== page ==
By Clive Bell
Headed by veteran New Wave singer Haco, formerly of 80s Japanese avant rock group After Dinner, these are highly idiosyncratic and exploratory albums which produce a fascinating tension by setting improvisatory or noise techniques against blissful ballads or exotica landscapes.
Haco's solo disc Happiness Proof occasionally teeters on the brink of becoming a proper pop record, but that possibility is only one item on Haco's crowded agenda. "Fluid of Wisdom", for example, starts from the scratchy menace of Otomo Yoshihide's turntables, and moves through a kind of 'guitar in a swimming pool' phase before concluding with a big song, apparently delivered live to an Italian audience. Guitarist Tsuneo Imahori contributes a fine Marc Ribot-type solo.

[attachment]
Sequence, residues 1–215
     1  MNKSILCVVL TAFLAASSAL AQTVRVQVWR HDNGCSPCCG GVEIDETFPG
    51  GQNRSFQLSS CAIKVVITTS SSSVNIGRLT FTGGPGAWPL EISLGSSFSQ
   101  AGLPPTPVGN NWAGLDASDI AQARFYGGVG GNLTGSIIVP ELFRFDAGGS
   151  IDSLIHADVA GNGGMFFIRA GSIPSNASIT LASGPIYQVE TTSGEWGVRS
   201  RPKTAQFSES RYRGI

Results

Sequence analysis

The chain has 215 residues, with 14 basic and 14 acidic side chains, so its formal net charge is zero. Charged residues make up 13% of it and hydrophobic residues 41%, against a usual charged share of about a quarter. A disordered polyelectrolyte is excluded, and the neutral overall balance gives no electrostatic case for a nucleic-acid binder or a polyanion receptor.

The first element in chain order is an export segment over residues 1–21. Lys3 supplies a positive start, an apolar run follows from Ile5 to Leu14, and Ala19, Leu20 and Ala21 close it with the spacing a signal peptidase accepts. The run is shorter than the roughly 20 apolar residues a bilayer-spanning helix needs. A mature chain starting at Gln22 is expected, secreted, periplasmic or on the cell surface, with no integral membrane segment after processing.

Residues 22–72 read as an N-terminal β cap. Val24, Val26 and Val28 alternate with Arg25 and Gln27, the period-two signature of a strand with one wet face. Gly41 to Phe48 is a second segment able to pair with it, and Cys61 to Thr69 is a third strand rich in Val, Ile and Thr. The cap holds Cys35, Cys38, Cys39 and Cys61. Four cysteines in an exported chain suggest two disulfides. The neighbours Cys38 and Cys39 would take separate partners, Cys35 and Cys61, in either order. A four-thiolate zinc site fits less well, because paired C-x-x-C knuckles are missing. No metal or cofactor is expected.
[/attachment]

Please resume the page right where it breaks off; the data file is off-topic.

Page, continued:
In all, six guitarists are credited on the album, including Boredoms' Seiichi Yamamoto, and Haco has not always kept them under control. The record opens as though determined to thrash about in some hyperactive avant rock sandpit of distortion, but then proceeds to calm down. perhaps with the help of that oceanic bowl of orange pills on the cover. On "Starry Night", Haco at last unleashes the vocal harmonies she does so well. Elsewhere, sound sculptor Pierre Bastien contributes his machines to a couple of tracks. She is at her best when assembling a landscape of colourful sounds and then singing over it, sounding like she's not so much fronting a group, as a menagerie of pets.
(The Wire, Issue 197, July 2000)